Features, InBusiness

INTERVIEW: COM junior “werks” toward empowering fellow female students

Paisley Piasecki, a junior in the College of Communication, is the founder of SheWerksIt, a blog on which she celebrates the achievements of female Boston-area students. PHOTO BY SARAH SILBIGER/DAILY FREE PRESS STAFF
Paisley Piasecki, a junior in the College of Communication, is the founder of SheWerksIt, a blog on which she celebrates the achievements of female Boston-area students. PHOTO BY SARAH SILBIGER/DAILY FREE PRESS STAFF

When Paisley Piasecki, a junior in Boston University’s College of Communication, attended an event hosted by her favorite blogger and author last summer, she recognized a need for women. It was a need that inspired her to follow her entrepreneurial dreams.

The event, hosted by “The Champagne Diet” author Cara Alwill Leyba, forged a conversation among the approximately 50 female attendees about shared issues that women face in the professional world.

“They started getting on the topic of business education, and they started to all say the same thing: ‘I wish someone had told me this when I was younger,’” Piasecki said. “I was sitting there thinking, ‘I sort of know what they’re talking about, but jokes on you. We don’t really have that for college kids right now.’”

Then came Piasecki’s solution — SheWerksIt. The startup website and brand aims to inspire college-aged women to find their passions and achieve career goals.

“I want girls to ask themselves, ‘What are you doing today that will change your world tomorrow?’” Piasecki said. “It can be the world around you, your world at school, the world inside your head … the idea of your world can be anything you want it to be. But what are you doing now that is going to help you tomorrow and get you one step closer?”

SheWerksIt includes a blog called The #Werkbook, a calendar featuring networking and education-oriented events in Boston and #Werkshops that Piasecki leads herself.

She features “girls in the Boston area who are doing amazing things” in her blog series titled #BostonBabe, many of which have been BU students. However, she’s using social media to enhance her platform and reach out to women at Boston College and Harvard University as well.

“I want to make sure it’s accessible to every kind of girl in college, not necessarily just the PR social media maven,” she said. “It’s also the girl who’s in STEM or the girl who has sports every single day after school.”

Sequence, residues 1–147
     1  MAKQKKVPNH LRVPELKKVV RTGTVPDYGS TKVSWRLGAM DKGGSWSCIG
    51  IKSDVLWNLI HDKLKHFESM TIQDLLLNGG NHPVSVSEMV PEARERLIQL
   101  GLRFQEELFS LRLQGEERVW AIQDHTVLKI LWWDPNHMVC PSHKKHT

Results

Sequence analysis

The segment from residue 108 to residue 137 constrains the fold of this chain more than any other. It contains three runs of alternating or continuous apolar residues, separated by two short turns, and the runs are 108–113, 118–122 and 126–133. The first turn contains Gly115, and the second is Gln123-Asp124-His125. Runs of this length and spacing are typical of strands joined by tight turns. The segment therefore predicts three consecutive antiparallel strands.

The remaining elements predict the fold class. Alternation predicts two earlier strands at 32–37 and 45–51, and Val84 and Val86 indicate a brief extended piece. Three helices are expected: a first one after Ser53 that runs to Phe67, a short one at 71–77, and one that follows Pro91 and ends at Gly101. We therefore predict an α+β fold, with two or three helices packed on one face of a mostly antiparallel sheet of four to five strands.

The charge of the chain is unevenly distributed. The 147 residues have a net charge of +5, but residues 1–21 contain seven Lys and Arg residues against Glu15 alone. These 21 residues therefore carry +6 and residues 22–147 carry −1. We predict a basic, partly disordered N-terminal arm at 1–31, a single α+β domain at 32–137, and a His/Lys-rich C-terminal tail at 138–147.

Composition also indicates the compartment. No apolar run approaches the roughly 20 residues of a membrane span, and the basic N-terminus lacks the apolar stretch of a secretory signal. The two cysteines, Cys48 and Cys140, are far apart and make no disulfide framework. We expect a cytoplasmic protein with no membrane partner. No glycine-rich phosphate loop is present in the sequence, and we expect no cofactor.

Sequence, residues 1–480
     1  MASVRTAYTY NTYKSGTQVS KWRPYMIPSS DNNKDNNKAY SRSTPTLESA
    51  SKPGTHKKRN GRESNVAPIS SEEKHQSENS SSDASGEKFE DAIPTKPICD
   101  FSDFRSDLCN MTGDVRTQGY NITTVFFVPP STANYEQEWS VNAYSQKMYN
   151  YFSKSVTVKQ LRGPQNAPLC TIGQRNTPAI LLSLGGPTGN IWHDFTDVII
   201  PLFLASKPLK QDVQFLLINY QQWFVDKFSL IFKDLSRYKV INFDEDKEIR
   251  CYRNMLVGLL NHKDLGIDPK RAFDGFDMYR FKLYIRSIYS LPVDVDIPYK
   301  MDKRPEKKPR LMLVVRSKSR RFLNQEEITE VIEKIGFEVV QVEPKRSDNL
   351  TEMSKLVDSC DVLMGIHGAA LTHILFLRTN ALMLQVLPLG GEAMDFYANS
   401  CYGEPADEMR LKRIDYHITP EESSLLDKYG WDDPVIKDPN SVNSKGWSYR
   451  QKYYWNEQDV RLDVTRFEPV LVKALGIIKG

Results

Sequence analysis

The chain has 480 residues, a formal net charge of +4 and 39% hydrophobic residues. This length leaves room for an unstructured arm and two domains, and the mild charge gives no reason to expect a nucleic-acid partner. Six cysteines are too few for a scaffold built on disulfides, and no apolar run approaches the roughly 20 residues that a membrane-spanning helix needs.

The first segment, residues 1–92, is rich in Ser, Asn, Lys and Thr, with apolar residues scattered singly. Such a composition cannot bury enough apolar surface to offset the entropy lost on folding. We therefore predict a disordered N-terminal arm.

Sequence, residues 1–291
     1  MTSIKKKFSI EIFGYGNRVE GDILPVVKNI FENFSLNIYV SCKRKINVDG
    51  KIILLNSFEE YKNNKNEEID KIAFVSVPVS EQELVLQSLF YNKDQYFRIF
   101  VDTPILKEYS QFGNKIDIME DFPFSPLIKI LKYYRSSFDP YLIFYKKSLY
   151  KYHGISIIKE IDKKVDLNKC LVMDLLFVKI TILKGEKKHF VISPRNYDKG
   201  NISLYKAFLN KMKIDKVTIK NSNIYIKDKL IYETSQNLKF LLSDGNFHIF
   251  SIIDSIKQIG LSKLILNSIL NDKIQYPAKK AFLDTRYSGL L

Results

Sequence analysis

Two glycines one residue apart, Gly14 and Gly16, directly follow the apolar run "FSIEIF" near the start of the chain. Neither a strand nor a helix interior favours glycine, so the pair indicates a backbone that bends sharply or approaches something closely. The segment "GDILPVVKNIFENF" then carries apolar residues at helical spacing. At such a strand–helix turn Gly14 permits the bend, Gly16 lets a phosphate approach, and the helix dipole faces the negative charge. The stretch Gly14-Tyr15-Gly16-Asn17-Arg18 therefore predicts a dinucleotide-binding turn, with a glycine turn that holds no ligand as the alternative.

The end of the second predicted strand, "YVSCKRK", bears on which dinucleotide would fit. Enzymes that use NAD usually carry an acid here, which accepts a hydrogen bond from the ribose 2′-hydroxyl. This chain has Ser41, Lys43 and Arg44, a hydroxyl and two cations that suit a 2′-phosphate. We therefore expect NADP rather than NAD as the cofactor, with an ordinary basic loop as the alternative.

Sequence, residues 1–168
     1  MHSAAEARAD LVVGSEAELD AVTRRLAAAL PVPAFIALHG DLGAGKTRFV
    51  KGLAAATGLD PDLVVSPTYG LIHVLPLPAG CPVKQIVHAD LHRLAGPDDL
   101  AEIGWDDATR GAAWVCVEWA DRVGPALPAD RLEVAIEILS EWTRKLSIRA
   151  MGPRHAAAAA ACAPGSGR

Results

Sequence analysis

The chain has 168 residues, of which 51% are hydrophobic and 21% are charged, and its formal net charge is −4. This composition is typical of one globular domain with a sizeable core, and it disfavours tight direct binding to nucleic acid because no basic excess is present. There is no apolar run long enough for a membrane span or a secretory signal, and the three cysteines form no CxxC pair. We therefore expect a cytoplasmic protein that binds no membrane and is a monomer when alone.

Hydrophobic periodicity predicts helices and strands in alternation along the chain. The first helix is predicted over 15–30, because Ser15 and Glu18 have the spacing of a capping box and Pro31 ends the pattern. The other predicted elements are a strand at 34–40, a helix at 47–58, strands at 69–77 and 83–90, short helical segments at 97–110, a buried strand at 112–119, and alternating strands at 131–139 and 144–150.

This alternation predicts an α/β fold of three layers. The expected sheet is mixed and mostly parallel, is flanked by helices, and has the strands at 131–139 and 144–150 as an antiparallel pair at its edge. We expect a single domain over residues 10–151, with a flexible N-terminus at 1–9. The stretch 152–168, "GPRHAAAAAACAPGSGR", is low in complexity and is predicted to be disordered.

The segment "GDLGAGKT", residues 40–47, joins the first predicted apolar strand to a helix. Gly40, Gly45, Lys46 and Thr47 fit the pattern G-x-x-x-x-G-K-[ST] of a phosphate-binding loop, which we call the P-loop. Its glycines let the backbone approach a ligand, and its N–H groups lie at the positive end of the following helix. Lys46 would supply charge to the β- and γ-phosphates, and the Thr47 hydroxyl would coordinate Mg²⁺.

For the workshops, Piasecki offers both take-home PDFs about finding and pursuing one’s passion and in-person sessions teaching women to build websites. At a lower price than most web design classes, Piasecki teaches attendees to code and create their own blogs with her #WebWerkshops. Prices range between $30 and $65.

“I found these skills are skills we need to know as women in college,” she said. “This is what’s going to get us one step closer in our internships, in our careers later.”

Piasecki is excited to build upon her startup and watch it grow. In the future, she hopes to add a mentorship component to the website where established women speak about their business endeavors and give career advice to college students.

“It’s one thing going to the [Center for Career Development] and have someone talk about your resume and what internships you should be going for, but it’s kind of based on a checklist method,” she said. “Everything I’ve learned is from mentors I’ve found in my own life, so I want to help girls find those opportunities for themselves as well.”

In addition to the mentorship component, Piasecki plans to expand her #Werkshops. She envisions ones that focus on life skills and organization, as “things get crazy when you’re in college … There’s a lot of times when we need to sit back and look at our priorities.”

Piasecki hopes to inspire other young women to find their passions and follow their business goals. She emphasized that it helps to be both positive and open to new ideas when exploring career possibilities.

“Don’t be afraid to dive in,” she said. “A lot of times, you’re going to run into people who say you need to have a marketing plan or a business idea. I think if you’re going into something very economical, like a big store, that’s important. But at the same time, when you’re this young, you just need to go for it.”

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